2 x 7,200 lbs. ea.
2,350 U.S. gals.
1,200 U.S. Gals.
4 x 20 mm
53 ft. 10 in.
59 ft. 9 in.
The F-89 Scorpion, built by Northrop, was an all-weather interceptor jet powered aircraft that replaced a number of propeller driven aircraft. It carried a crew of two consisting of a pilot and observer. It was initially armed with four 20 mm cannons in a moving nose turret. Unique to the F-89 Scorpion were split ailerons that were used to slow it. The F-89 Scorpion was nicknamed "Stanley steamer" due to its very large landing gear wheels.
The F-89 Scorpion, model D, had its six 20 mm cannons replaced with large rocket pods on each wing which housed fiftytwo 70 mm unguided rockets each. It carried the APG-40 targeting radar that had a 50 mile range, and the Hughes E-6 fire control intercept system. The aircraft could carry the AIR-2A Genie, a nuclear armed air-to-air rocket.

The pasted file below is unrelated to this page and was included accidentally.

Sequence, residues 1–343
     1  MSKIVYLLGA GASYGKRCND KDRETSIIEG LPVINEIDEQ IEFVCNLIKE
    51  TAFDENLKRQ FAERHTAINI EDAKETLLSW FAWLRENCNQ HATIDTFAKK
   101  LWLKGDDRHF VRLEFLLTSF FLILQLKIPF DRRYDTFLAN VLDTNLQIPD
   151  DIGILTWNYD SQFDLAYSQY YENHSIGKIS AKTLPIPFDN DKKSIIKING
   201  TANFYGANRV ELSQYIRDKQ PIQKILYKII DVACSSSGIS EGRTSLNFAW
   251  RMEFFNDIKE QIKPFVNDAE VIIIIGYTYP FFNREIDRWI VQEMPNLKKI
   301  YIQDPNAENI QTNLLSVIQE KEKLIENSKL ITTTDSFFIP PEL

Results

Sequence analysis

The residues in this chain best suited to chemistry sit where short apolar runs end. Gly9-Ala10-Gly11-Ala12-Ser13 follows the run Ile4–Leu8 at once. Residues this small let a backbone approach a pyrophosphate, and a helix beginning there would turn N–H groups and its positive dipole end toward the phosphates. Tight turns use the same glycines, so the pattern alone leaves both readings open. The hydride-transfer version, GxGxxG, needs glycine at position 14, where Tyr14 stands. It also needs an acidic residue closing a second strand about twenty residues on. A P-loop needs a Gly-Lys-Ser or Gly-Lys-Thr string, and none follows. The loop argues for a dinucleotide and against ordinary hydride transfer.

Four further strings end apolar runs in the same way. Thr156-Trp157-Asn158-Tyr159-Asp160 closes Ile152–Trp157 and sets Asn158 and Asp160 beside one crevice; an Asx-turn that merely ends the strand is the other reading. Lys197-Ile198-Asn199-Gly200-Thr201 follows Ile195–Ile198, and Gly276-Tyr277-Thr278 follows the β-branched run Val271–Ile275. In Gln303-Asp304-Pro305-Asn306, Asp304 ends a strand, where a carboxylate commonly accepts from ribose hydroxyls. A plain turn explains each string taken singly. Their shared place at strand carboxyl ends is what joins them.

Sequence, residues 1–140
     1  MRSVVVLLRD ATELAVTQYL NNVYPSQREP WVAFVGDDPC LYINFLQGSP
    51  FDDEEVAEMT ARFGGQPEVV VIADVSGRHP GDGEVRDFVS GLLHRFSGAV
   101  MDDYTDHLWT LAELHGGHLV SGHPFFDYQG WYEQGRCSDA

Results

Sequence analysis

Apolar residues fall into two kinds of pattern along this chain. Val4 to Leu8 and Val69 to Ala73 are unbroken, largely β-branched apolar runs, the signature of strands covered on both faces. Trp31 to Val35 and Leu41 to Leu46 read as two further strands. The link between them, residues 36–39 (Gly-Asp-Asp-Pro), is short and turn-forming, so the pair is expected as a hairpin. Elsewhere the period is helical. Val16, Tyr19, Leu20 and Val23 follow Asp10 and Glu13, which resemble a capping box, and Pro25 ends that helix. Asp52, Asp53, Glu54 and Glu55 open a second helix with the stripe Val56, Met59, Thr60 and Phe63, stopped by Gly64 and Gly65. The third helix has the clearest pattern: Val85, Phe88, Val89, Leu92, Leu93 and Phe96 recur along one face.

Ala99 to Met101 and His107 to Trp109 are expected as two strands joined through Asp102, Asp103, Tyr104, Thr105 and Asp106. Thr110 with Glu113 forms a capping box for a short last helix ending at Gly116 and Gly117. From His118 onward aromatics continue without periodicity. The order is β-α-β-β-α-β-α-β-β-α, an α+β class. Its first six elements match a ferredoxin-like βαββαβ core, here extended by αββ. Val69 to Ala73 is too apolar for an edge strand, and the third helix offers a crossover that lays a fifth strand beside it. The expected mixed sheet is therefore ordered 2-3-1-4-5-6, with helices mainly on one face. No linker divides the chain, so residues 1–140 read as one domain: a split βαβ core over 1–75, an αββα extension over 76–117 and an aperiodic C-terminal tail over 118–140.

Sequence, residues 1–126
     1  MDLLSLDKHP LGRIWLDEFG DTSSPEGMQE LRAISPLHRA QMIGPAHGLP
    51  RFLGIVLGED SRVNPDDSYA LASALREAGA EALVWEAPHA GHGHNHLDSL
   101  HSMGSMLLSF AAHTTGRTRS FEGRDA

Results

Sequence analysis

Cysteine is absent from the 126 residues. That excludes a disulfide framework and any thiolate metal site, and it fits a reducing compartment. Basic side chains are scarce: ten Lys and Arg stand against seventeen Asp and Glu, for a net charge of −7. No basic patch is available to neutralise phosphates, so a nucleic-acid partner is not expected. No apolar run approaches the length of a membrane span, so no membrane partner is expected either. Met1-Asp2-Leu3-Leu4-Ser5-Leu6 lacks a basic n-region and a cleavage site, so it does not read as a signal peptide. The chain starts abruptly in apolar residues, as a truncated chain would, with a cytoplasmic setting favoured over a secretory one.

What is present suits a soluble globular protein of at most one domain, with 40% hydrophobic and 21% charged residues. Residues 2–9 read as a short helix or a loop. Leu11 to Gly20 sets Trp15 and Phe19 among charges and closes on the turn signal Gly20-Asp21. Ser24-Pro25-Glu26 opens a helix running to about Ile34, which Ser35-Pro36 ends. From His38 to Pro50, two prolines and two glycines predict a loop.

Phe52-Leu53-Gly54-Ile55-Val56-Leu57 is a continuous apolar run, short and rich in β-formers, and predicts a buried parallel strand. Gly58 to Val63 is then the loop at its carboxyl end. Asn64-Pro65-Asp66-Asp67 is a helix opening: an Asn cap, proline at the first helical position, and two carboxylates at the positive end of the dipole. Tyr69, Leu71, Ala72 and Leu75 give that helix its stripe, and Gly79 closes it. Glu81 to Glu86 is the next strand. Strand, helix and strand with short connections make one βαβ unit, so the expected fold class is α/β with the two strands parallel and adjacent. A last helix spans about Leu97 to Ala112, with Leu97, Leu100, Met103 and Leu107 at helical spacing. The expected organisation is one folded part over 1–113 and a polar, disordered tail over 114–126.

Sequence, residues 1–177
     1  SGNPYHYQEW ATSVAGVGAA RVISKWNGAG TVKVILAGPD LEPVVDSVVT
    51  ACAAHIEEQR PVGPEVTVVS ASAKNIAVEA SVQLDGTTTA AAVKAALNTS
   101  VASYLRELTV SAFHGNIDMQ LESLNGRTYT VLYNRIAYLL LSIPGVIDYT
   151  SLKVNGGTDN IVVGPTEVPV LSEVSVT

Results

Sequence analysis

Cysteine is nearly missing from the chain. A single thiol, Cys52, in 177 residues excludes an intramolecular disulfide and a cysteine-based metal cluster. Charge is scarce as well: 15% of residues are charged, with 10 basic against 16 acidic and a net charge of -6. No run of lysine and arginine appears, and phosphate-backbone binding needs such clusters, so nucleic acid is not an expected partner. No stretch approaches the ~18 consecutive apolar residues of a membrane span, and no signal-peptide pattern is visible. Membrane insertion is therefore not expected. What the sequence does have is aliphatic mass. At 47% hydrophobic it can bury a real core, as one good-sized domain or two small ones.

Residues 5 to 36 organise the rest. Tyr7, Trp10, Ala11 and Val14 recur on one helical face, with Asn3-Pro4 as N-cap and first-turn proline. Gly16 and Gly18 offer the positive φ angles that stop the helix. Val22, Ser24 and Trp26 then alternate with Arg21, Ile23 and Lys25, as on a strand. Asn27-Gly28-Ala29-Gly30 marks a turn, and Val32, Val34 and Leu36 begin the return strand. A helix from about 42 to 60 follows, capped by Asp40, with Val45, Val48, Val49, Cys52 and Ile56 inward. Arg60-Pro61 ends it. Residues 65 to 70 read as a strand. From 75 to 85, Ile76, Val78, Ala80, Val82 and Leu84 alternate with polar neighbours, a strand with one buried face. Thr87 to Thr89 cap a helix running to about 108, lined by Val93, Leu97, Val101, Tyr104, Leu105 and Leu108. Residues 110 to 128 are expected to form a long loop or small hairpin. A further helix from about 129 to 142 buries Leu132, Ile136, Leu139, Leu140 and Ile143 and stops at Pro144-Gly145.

On July 19, 1957 a F-89 Scorpion flying over a Nevada test range launched a live nuclear armed Genie rocket. It flew approximately 2.65 miles before detonating. It was the only time that a U.S. aircraft ever accomplished such a mission.
Eventually the F-89 Scorpion model J became one of the first aircraft ever to carry guided missiles.
U.S. Air Force F-89 Scorpion aircraft flew from 1950 to 1959, primarily tasked with protecting the skies around the United States. The U.S. Air National Guard continued to fly them 1969. A total of 1,050 F-89 Scorpion aircraft of all types were produced.
The RC F-89 Scorpion scratch built by Mark Hinton has a 106 in. wingspan and is 100 in long. It features split ailerons and retracts. Construction is all composites. Power comes from a pair of 22 lbf. thrust turbojets. All up weight is about 42 lbs.